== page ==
li, (sheqer (usually, e.g. Isa 9:15; Zec 13:3), or kazabh verb (Job 34:6; Mic 2:11); pseudos (Jn 8:44; Rev 21:27), "to speak falsely," "to fabricate," "to make a false statement"; pseudomai, in Acts 5:3,1):
1. Lying Defined:
In its very essence, a lie is something said with intent to deceive. It is not always a spoken word that is a lie, for a life lived under false pretenses, a hypocritical life, may be a lie equally with a false word (Jer 23:14). A vain thing, like an idol, may be a lie (Isa 59:4), as also a false system (Rom 3:7). Error, as opposed to truth, is a lie (1 Jn 2:21). The denial of the deity of Jesus Christ is regarded as "the" lie (1 Jn 2:22).
The origin of lies and lying is traced to Satan who is called "a liar, and the father thereof" (Jn 8:44; Acts 5:3). Satan's dealing with Eve (Gen 3) furnishes us with a splendid illustration of the first lie, so far as we have any record of it.
2. A Racial Sin:
The whole race is guilty of this sin: "The wicked are estranged from the womb: they go astray as soon as they are born, speaking lies" (Ps 58:3). It is a part of the old Adamic nature, "the old man" (Col 3:9), which the believer in Jesus Christ is called upon to put off. So prominent a factor is it in the experience of the race that among the condensed catalogue of sins, for the commission of which men are finally condemned, the sin of lying finds its place: "All liars shall have their part in the lake which burneth with fire and brimstone" (Rev 21:8 the King James Version).
3. God's Attitude to It:
God's attitude toward this sin is strongly marked throughout both the Old Testament and New Testament. The righteous are called upon to hate lying (Prov 13:5), to avoid it (Zeph 3:13), to respect not those who lie, and utterly reject their company (Ps 40:4; 101:7), to pray to be delivered from it (Ps 119:29). The wicked are said to love lying (Ps 52:3), to delight in it (Ps 62:4), to seek after it (Ps 4:2), and to give heed to it (Prov 17:4). Lying leads to worse crimes (Hos 4:1,2).
4. The Penalty:
The punishment to be meted out to liars is of the severest kind. They are positively and absolutely excluded from heaven (Rev 21:27; 22:15), and those who are guilty of this sin are cast into the lake of fire (Rev 21:8). We are reminded of the awful fate meted out to Ananias and Sapphira when they lied to God and man (Acts 5:1-11). God will "destroy them that speak lies" (Ps 5:6), and "he that uttereth lies shall not escape" (Prov 19:5), yea "a sword is upon the liars" (Jer 50:36 the King James Version). The liar is thereby debarred from rendering any true and acceptable worship unto the Lord (Ps 24:4).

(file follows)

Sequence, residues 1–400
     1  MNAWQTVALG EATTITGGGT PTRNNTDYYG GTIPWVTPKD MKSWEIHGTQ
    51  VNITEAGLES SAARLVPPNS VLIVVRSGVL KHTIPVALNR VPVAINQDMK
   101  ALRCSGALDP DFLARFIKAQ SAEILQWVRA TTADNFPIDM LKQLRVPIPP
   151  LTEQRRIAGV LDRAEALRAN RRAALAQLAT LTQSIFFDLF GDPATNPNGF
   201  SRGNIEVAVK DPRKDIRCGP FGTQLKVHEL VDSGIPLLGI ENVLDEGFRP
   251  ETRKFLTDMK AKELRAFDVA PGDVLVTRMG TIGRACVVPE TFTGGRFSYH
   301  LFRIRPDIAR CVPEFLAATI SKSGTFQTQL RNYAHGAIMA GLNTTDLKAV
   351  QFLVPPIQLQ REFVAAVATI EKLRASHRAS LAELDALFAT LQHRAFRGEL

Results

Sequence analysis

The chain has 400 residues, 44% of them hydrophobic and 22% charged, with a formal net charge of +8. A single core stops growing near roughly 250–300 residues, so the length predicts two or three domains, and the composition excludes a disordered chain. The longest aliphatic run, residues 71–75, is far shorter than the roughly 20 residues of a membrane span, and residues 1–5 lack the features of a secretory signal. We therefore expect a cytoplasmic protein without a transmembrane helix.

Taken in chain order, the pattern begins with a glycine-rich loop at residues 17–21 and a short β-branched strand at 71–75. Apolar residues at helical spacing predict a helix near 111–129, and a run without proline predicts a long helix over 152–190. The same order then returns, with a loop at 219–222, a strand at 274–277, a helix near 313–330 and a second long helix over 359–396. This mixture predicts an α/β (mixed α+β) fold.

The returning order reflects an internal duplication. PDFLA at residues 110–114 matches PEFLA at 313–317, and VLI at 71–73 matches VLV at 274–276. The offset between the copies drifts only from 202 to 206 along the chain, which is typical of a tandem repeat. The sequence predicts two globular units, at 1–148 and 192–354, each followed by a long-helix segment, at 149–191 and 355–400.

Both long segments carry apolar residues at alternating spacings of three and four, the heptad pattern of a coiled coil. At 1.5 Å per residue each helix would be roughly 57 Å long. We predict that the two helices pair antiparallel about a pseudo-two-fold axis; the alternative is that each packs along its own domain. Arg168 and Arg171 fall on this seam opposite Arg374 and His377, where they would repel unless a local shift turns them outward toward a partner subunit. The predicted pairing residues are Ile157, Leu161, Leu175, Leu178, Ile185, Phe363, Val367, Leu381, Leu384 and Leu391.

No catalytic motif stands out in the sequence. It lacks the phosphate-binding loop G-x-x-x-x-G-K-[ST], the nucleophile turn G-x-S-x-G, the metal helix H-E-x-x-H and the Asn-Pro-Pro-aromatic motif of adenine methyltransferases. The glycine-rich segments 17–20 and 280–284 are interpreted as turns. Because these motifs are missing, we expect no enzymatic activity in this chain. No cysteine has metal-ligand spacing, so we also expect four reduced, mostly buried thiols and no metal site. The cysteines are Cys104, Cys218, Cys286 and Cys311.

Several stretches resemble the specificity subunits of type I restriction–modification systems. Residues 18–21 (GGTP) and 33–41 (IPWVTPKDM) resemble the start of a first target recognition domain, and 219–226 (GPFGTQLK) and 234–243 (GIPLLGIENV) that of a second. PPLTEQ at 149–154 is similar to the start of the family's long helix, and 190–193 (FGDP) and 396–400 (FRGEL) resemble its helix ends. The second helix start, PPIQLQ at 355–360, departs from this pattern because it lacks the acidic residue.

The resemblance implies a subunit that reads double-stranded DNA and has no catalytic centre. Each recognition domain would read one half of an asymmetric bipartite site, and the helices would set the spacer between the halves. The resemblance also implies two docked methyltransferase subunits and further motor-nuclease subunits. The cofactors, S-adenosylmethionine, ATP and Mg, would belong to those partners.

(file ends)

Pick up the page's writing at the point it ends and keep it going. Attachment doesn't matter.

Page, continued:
The Scriptures abound with illustrations of lying and the results and penalties therefor. A careful study of these illustrations will reveal the subtlety of falsehood. Sometimes a lie is a half-truth, as set forth in the story of Satan's temptation of Eve (Gen 3). Cain's lie (Gen 4:9) was of the nature of an evasive answer to a direct question. Jacob's deception of his father, in order that he might inherit the blessing of the firstborn, was a barefaced and deliberate lie (Gen 27:19). The answer which Joseph's brethren gave to their father when he asked them concerning the welfare of their brother Joseph is an illustration, as well as a revelation, of the depth of the wickedness of hearts that deliberately set themselves to falsify and deceive (Gen 37:31,32). Even good men are sometimes overtaken in a lie, which, of course, is no more excusable in them than in the wicked; indeed, it is more shameful because the righteous are professed followers of the truth (David in 1 Sam 21:2). What more striking example of the heinousness of lying in the sight of God can we have than the fate which befell Gehazi who, in order to satisfy a covetous desire for possessions, misrepresented his master Elisha to Naaman the Syrian whom the prophet had healed of his leprosy: "The leprosy therefore of Naaman shall cleave unto thee, and unto thy seed for ever. And he went out from his presence a leper as white as snow" (2 Ki 5:22-27)? The story of Peter's denial of his Lord, and his persistent asseverations that he did not know Him and was not one of His followers, makes us shudder to think that it is possible for a follower of Christ so far to forget himself as not only to lie, but buttress lying with swearing (Mt 26:72).
5. Pseudos United with Other Words:
Throughout the Scriptures we find pseudos joined to other words, e.g. "false apostles" (pseudapostolos, 2 Cor 11:13), so called probably because a true apostle delivers the message of another, namely, God, while these "false apostles" cared only for self. Such are from Satan, and, like him, they transform themselves into angels of light, and sail under false colors. We read also of "false prophets" (pseudoprophetes, Mt 7:15; compare Jer 23:16 f),thereby meaning those who falsely claim to bring messages from God and to speak in behalf of God. Mention is made also of "false brethren" (pseudadelphos, 2 Cor 11:26), meaning Judaizing teachers, as in Gal 2:4; "false teachers" (pseudodidaskalos, 2 Pet 2:1), men whose teaching was false and who falsely claimed the teacher's office. We read further of "false witnesses" (pseudomartus, Mk 26:60); by such are meant those who swear falsely, and testify to what they know is not true. So, too, we find mention of the "false Christs" (pseudochristoi, Mt 24:24; Mk 13:22). This personage does not so much deny the existence of a Christ, but rather, on the contrary, builds upon the world's expectations of such a person, and falsely, arrogantly, blasphemously asserts they he is the Christ promised and foretold. It is the Antichrist who denies that there is a Christ; the false Christ affirms himself to be the Christ. Of course there is a sense in which the man of sin will be both Antichrist and a false Christ.
See CHRISTS, FALSE; FALSE PROPHETS; FALSE SWEARING, FALSE WITNESS.